How To: Transform Cabinet Furniture with Spray Paint
You can revitalize almost any piece of furniture with a few coats of spray paint. And once you've got the technique down, you'll be surprised at how easy—and addictive—spray-painting can be!
This post has been brought to you by Rust-Oleum. Its facts and opinions are those of BobVila.com.
Is there a dated, shabby, worn-out cabinet hogging space somewhere in your home? If so, you may feel tempted to get rid of the old eyesore. But if the only thing you don’t like about the furniture is the way that it looks—if it’s unlovely but perfectly functional—bear in mind that you can completely transform the cabinet quickly, easily, and inexpensively. Yes! The key: spray paint. Invest in one or two cans of spray paint; spend an hour or two on the makeover, depending on the size of your cabinet; and you’ll be amazed (I certainly was) by the difference. Best of all, the project costs a mere fraction of what it would to purchase a brand-new cabinet.
Whenever you’re spray-painting furniture, it’s recommended that you work in a well-ventilated area.
On a nice day, you might even choose to work outside, provided there’s little to no wind. (You don’t want gusts to blow yard debris onto your project during the drying stage.) Another benefit of painting in the driveway or backyard is that you don’t need to worry about overspray.
Working indoors? Open the windows and use drop cloths to cover anything you wish to protect from the spray paint.
Now that you’ve readied your work area, the next step is to prepare the piece of furniture you’re going to spray-paint.
- First things first, remove all hardware (for example, hinges or handles) and set it safely aside.
- Next—this is optional—fill any scratches or holes with wood filler, closely following the directions from the product manufacturer.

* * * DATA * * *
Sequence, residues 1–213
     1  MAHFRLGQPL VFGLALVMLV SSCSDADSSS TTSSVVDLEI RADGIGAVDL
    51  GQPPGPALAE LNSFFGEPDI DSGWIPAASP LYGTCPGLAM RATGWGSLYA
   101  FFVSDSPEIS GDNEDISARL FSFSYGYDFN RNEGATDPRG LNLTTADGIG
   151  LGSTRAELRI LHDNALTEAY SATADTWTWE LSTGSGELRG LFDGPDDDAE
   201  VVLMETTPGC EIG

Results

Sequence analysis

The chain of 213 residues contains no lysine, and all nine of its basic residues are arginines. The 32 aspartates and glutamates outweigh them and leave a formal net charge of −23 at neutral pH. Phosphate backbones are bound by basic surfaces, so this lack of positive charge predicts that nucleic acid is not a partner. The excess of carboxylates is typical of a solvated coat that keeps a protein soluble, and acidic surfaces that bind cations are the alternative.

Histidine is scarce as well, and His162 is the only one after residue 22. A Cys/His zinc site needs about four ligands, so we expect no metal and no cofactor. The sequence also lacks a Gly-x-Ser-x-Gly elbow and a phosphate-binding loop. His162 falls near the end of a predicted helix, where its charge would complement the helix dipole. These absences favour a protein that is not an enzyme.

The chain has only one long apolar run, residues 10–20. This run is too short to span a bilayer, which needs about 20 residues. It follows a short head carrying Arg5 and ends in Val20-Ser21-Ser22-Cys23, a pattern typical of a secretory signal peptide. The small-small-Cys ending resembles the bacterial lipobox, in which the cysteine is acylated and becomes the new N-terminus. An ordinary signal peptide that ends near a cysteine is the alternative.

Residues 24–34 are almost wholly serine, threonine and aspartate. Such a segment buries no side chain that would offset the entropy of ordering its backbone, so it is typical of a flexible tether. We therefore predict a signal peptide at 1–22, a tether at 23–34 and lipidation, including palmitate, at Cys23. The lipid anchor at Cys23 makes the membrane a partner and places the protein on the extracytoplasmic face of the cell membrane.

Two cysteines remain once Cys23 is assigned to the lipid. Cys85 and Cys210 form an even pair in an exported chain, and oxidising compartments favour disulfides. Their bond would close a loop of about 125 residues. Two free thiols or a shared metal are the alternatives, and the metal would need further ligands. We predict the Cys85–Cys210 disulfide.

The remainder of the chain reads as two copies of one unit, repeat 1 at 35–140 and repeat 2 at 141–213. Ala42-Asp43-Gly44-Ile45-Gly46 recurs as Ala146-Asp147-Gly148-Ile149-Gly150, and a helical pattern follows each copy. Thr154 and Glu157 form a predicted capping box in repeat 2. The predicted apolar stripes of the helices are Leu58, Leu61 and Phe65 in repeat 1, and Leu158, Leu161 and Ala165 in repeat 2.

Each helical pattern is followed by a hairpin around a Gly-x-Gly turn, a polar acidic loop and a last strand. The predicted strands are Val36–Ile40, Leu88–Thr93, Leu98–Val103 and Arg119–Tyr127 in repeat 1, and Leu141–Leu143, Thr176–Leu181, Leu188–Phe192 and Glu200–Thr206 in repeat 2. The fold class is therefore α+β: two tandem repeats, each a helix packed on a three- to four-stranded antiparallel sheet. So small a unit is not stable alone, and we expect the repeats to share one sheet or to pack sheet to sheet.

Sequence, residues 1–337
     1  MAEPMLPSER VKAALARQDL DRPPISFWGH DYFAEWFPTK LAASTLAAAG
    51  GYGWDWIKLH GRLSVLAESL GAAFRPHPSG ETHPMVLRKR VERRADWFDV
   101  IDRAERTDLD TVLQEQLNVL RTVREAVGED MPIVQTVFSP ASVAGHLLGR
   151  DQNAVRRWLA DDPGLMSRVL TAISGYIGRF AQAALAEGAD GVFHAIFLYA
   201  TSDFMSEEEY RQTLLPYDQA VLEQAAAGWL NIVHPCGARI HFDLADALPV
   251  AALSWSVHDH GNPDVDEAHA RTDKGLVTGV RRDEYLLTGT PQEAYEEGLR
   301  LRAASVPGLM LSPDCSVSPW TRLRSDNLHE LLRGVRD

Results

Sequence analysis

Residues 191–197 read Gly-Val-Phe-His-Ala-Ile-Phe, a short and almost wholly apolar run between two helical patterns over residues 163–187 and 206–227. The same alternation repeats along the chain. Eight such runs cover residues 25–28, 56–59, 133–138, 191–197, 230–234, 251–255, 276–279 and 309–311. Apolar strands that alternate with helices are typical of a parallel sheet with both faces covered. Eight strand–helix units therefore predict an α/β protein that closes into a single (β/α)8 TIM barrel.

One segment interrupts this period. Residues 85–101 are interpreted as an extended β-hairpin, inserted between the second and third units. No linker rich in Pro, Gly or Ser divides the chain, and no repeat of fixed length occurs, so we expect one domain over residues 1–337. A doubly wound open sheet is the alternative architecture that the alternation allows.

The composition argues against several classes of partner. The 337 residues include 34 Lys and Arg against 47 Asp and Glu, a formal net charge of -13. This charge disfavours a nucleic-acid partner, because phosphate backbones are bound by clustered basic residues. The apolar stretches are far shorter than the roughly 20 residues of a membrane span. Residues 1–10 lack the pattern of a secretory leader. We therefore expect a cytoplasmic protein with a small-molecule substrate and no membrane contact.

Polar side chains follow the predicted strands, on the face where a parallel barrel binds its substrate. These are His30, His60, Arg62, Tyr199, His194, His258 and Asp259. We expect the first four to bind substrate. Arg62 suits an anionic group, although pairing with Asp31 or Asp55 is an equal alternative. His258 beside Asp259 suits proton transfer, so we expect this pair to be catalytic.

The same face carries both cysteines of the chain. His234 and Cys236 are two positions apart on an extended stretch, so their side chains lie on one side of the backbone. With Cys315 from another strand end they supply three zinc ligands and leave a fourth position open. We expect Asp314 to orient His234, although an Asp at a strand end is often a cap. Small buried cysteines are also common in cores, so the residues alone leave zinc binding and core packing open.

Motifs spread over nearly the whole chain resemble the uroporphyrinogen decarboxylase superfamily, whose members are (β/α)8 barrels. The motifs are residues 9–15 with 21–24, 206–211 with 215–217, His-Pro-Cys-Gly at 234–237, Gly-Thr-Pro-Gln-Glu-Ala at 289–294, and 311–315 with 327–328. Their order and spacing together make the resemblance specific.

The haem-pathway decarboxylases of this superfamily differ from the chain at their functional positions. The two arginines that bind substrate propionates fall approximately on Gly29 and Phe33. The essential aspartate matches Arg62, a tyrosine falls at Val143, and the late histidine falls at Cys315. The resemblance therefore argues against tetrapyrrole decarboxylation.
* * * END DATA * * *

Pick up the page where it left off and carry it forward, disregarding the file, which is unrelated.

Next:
- Finally, sand down the furniture, not only to even out nicked edges, but also to give the spray paint an accommodating surface to which it can adhere easily.
- Once you’ve finished sanding, wipe the furniture with either a tack cloth or a damp cotton rag.
Wait for the piece to dry completely before proceeding to paint.
Don the appropriate protective gear—in this case, a dust mask (spray-paint particulates are very fine and can be accidentally inhaled) and safety gloves (well, these kinds of projects are known to get a little messy on occasion).
I used Rust-Oleum’s Universal spray paint (view on Amazon). Because it works on any surface, I was able to use it on both the wood and the metal cabinet hinges. Another plus: It can be sprayed from any angle—handy if you need to reach into corners.
Whenever I spray-paint furniture, I apply several thin coats instead of a single heavy coat. That strategy has seemed to yield the best results.
Holding the can 8 to 12 inches from the surface, pull the trigger on the spray-paint can, applying the paint with a sweeping motion. As you go along, let the spray fall a few inches past the left and right edges of the furniture.
Remember that spray paint dries quickly; subsequent coats can be added within two hours. For further details about application, be sure to read the instructions provided by the manufacturer.
Give the paint at least 24 hours to cure fully before reinstalling hardware or placing any objects on or inside of the furniture. That may seem like a long time to wait, but personally I’d wait five times as long if it meant revitalizing a cabinet that I would have otherwise hauled to the dumpster.
Spray paint really is an amazing thing. With a little practice, you’ll be able to spray-paint like a pro. And then if you’re anything like me, you’ll look at the world in a new way, always finding things around the house to revamp and totally renew.